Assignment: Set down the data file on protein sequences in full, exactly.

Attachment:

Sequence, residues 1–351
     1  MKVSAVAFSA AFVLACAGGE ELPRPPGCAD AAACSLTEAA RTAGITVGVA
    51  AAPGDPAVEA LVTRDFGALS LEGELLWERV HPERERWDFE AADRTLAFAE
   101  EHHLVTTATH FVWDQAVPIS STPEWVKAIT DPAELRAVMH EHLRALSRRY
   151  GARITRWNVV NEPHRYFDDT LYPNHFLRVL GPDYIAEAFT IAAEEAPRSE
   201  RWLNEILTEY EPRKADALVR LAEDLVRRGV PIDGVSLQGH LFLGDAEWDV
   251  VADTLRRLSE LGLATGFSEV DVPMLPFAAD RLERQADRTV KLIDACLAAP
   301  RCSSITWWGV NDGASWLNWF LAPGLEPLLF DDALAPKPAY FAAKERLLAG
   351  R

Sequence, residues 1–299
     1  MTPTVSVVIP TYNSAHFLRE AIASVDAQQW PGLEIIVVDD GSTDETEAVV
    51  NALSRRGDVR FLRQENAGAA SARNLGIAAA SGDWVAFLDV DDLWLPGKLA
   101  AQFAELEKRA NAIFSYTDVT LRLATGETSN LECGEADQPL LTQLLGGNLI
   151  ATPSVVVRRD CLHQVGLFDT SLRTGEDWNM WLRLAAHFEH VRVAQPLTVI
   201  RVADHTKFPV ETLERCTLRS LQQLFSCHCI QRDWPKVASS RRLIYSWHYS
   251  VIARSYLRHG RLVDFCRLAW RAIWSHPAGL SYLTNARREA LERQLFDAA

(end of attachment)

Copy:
Sequence, residues 1–351
     1  MKVSAVAFSA AFVLACAGGE ELPRPPGCAD AAACSLTEAA RTAGITVGVA
    51  AAPGDPAVEA LVTRDFGALS LEGELLWERV HPERERWDFE AADRTLAFAE
   101  EHHLVTTATH FVWDQAVPIS STPEWVKAIT DPAELRAVMH EHLRALSRRY
   151  GARITRWNVV NEPHRYFDDT LYPNHFLRVL GPDYIAEAFT IAAEEAPRSE
   201  RWLNEILTEY EPRKADALVR LAEDLVRRGV PIDGVSLQGH LFLGDAEWDV
   251  VADTLRRLSE LGLATGFSEV DVPMLPFAAD RLERQADRTV KLIDACLAAP
   301  RCSSITWWGV NDGASWLNWF LAPGLEPLLF DDALAPKPAY FAAKERLLAG
   351  R

Sequence, residues 1–299
     1  MTPTVSVVIP TYNSAHFLRE AIASVDAQQW PGLEIIVVDD GSTDETEAVV
    51  NALSRRGDVR FLRQENAGAA SARNLGIAAA SGDWVAFLDV DDLWLPGKLA
   101  AQFAELEKRA NAIFSYTDVT LRLATGETSN LECGEADQPL LTQLLGGNLI
   151  ATPSVVVRRD CLHQVGLFDT SLRTGEDWNM WLRLAAHFEH VRVAQPLTVI
   201  RVADHTKFPV ETLERCTLRS LQQLFSCHCI QRDWPKVASS RRLIYSWHYS
   251  VIARSYLRHG RLVDFCRLAW RAIWSHPAGL SYLTNARREA LERQLFDAA